The forecast on Capitol Hill this week calls for brinksmanship, heated rhetoric and a climactic ending that could have a major impact on the 2012 elections.
With less than a week to go before the April 8 government shutdown deadline, the Obama administration and House Republican leaders have indicated a deal is within reach. But details are scarce as both sides haven’t publicly agreed on how much funding should be cut for the remainder of the fiscal year. More importantly, it’s unclear which controversial policy riders will be included in a final deal.
Here are 10 things to watch in what surely will be a frenetic and defining week of the 112th Congress:
1: The riders
Politically, the number of cuts is nothing compared to the controversial amendments attached to the House-passed bill. Clearly, they are the biggest hurdles to getting a deal. The right and the left are pressing Congress on various amendments, most notably on defunding the healthcare reform bill and Planned Parenthood. The White House and Democratic leaders have said those riders are dealbreakers.
2: Cracks in party unity
If a deal is reached, the left and the right won’t like it and the tension will test party unity. Last week, eyebrows on Capitol Hill were raised when House Majority Leader Eric CantorEric CantorTrump nominates two new DOD officials Brat: New ObamaCare repeal bill has 'significant' changes Overnight Energy: Flint lawmaker pushes EPA for new lead rule MORE (R-Va.) ruled out another short-term continuing resolution while Speaker John BoehnerJohn BoehnerLobbyists bounce back under Trump Business groups silent on Trump's Ex-Im nominee Chaffetz won't run for reelection MORE (R-Ohio) kept the option on the table.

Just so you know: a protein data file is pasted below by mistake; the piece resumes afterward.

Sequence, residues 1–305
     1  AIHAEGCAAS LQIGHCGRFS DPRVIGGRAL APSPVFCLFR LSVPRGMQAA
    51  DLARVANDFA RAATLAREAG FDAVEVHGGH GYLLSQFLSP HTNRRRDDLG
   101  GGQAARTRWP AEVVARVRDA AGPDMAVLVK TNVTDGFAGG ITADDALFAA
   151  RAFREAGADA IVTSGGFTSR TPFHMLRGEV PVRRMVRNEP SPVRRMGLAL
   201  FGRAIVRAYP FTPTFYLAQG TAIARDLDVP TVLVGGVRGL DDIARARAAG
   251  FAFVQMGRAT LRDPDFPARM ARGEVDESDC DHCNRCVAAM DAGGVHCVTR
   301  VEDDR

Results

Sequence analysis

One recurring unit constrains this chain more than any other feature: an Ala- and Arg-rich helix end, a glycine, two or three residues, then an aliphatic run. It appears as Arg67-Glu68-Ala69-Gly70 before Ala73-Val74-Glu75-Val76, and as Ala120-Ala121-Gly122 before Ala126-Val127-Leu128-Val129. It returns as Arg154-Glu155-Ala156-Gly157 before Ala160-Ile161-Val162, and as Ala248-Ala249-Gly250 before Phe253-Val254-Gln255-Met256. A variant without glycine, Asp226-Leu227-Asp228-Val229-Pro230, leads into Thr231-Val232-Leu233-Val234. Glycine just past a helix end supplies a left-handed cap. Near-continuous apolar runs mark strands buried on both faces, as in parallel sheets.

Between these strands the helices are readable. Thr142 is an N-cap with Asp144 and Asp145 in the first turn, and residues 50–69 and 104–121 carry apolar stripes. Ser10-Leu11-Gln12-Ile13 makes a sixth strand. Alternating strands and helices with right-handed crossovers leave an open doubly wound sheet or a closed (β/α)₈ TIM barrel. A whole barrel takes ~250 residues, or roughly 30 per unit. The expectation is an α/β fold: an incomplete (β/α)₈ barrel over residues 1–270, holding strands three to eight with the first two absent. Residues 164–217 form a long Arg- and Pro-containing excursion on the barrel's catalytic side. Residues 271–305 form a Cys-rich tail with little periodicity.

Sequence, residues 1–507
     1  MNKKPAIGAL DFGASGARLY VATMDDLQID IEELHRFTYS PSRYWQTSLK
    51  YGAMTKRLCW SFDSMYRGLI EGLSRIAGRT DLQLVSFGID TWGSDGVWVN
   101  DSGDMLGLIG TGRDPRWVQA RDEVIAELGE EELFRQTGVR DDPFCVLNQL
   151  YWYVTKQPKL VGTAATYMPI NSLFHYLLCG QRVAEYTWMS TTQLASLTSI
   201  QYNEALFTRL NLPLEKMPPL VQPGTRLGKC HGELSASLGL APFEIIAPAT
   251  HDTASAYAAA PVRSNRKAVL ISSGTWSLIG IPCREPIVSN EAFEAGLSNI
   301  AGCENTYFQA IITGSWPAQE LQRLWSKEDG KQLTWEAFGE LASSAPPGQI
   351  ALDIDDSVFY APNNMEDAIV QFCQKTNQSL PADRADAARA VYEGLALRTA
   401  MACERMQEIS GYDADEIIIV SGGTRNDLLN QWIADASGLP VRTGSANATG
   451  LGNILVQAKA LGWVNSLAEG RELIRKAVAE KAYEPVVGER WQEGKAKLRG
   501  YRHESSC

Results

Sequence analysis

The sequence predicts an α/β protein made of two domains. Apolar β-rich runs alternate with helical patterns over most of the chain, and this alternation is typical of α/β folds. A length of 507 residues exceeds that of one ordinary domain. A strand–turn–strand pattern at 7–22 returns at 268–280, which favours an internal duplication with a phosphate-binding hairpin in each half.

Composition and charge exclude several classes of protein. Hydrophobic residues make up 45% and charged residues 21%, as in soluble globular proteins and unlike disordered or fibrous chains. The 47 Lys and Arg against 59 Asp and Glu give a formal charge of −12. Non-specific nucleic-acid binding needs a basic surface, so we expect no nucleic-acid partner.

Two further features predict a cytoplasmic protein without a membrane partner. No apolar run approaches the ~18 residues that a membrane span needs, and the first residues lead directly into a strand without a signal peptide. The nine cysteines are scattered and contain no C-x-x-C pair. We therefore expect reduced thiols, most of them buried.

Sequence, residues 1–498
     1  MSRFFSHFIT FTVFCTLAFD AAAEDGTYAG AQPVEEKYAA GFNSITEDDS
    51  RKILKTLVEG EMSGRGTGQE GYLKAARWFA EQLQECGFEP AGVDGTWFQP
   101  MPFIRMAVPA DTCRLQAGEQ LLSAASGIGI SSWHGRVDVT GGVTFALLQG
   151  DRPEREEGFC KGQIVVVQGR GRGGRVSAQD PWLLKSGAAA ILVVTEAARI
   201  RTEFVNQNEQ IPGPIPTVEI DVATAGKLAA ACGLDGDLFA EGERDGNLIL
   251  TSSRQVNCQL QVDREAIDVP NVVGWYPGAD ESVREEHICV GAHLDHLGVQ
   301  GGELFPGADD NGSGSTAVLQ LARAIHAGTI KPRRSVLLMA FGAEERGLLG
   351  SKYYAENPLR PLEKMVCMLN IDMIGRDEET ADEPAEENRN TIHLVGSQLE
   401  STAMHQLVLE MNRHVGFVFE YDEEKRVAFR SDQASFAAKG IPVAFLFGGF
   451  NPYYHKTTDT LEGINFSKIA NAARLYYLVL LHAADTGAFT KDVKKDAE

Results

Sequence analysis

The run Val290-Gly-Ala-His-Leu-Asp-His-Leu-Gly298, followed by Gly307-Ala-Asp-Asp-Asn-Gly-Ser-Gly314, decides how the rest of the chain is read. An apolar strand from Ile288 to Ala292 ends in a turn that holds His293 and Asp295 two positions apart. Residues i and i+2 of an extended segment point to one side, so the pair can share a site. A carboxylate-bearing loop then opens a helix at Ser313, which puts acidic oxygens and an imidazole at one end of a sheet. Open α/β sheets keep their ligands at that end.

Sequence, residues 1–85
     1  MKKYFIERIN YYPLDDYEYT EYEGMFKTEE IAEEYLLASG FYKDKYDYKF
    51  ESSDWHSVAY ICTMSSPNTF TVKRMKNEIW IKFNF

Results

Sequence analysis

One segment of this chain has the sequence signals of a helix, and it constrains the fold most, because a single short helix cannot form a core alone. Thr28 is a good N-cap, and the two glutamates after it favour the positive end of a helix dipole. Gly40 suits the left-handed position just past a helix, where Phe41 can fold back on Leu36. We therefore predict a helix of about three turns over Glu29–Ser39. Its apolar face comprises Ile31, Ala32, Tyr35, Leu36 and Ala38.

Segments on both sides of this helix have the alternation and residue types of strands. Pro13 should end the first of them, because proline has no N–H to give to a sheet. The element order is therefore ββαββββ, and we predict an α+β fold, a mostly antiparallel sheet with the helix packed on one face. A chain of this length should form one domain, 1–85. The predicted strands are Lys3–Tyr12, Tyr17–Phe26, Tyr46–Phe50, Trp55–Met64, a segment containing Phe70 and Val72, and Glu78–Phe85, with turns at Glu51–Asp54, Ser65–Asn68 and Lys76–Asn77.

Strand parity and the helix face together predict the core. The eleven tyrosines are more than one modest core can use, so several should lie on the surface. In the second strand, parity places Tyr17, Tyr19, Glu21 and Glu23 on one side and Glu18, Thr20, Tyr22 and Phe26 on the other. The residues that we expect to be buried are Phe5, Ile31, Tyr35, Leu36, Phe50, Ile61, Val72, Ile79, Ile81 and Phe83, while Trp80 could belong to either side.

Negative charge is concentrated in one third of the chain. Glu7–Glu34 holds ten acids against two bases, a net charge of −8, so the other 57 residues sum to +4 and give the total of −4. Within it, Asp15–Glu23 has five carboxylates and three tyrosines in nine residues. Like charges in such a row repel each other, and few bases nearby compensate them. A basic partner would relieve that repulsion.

Minority Leader Nancy Pelosi (D-Calif.) last month voted against a two-week stop-gap spending bill while Minority Whip Steny Hoyer (D-Md.) backed it. That dynamic could be in play again, but the media’s attention will be on the Republican side of the aisle, specifically on: Will Tea Party lawmakers in the House and Senate break from their leaders on a grand bargain?
3: Presidential politics